Most people remember their first bike and who they rode around with and the places they went. The bike was every kid’s transportation. It wasn’t considered a sport. In Indiana where I grew up, basketball was a sport. You rode your bicycle to get to the game! Riding your bike was part of the fun. The dirt path, the puddle, the downhill—do you remember the sights, sounds and sensations? Do you remember your first bike? Did it have training wheels on it? Mine did.
And I distinctly remember The Day I Found My Balance.
I was riding down Myers Avenue past my grandparent’s house to Sue’s, a playmate down the street. I was pedaling fast, and then stood on the pedals to coast. The pedals were even to the ground–one foot ahead, the other behind and my weight evenly distributed on each pedal. My knees were locked as I stood tall. I distinctly remember the feeling—coasting felt like flying. Suddenly I felt a new sensation. I didn’t feel the training wheels anymore. I didn’t hear them clacking on the road. My body was sailing on pedals…on rubber…on road. Later when I returned home, I asked my dad to remove the training wheels. I think he was proud of me—I have a faint recollection of it. But mostly, I was proud of myself. I had grown up and out of those baby wheels.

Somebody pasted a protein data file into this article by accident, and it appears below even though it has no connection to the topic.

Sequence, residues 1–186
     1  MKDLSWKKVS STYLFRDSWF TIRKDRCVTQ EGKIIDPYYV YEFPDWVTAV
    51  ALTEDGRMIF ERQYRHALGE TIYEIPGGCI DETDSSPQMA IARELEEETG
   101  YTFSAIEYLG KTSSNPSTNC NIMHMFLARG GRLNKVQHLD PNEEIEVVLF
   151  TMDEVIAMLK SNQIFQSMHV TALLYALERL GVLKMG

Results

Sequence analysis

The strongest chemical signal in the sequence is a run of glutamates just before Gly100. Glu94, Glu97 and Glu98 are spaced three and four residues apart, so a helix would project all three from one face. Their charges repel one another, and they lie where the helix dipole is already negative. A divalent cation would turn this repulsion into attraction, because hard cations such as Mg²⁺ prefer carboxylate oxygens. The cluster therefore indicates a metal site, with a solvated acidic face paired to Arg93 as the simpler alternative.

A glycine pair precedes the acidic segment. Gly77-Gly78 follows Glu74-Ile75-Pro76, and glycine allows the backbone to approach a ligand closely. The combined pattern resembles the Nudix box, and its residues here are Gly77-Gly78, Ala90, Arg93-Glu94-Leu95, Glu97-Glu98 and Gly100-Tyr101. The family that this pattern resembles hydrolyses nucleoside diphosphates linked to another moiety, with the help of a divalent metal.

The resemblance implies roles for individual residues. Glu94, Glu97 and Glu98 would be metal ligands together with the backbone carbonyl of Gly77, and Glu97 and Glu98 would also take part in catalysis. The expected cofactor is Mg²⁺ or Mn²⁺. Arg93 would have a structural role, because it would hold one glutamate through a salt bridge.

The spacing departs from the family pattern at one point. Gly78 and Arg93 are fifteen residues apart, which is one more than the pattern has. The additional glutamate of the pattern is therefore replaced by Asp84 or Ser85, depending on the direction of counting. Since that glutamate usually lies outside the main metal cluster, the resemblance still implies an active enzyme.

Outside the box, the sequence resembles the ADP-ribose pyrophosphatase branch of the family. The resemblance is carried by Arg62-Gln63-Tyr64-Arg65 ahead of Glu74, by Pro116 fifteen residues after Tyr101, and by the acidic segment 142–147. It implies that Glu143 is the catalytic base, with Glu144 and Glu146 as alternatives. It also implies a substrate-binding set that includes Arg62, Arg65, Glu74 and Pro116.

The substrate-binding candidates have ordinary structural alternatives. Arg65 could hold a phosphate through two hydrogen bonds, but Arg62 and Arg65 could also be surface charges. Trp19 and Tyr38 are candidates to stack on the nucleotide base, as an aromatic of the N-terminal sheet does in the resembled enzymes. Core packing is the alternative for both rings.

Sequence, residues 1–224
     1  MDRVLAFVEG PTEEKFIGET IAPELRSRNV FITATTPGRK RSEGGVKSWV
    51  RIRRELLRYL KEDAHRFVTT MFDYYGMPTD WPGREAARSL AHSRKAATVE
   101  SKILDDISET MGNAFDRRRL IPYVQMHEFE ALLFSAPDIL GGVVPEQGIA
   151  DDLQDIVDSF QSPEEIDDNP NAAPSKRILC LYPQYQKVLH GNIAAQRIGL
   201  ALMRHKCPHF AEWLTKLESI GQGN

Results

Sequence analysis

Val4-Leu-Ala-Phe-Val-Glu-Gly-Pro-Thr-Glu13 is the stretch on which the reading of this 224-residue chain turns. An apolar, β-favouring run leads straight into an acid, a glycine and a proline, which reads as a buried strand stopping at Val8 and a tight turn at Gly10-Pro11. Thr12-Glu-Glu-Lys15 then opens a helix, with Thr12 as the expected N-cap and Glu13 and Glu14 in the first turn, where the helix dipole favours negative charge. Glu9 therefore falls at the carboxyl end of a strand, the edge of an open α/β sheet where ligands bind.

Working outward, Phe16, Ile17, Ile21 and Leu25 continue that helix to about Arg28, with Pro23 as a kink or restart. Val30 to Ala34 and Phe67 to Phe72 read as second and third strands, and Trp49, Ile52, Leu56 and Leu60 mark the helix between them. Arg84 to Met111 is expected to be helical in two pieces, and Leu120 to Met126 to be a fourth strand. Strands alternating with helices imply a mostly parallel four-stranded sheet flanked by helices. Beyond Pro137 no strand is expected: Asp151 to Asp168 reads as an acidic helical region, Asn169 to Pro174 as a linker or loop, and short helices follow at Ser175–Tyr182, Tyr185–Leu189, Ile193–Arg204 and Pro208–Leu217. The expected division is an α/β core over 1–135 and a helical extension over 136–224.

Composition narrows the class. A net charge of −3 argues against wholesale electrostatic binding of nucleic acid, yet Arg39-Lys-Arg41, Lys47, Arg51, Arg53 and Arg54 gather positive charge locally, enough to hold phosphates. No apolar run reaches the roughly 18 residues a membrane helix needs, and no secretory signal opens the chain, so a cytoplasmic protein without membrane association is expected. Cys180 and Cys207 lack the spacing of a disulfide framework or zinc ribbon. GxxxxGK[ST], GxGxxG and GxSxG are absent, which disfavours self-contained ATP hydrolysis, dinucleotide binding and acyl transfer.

Well, it’s a whole new era.
If you’re new to cycling, chances are your road bike didn’t come with a set of carbon fiber training wheels (please report anybody on eBay who tries to sell you some…). But maybe when you ride, you feel like you’re learning to ride all over again. Be patient. Don’t give up. Soon you will have a whole new set of “The Day I…” memories.
If you’re not so new to cycling, recall your most vivid memories on a bike. List all the bikes you have ever owned and what you loved (or hated) about them. Did you have a Sting Ray with a banana seat? I’m jealous. First made in 1963 (what a year!), this year marks the 50th anniversary of Schwinn’s legendary rebel with wheels.
If that Sting Ray is still in your garage, dig it out and check eBay to see what it is worth. But before you sell, ask your inner cyclist if you’re ready to part with it. Bet not. It’s priceless.
What did your first set of wheels look like? Where did it take you?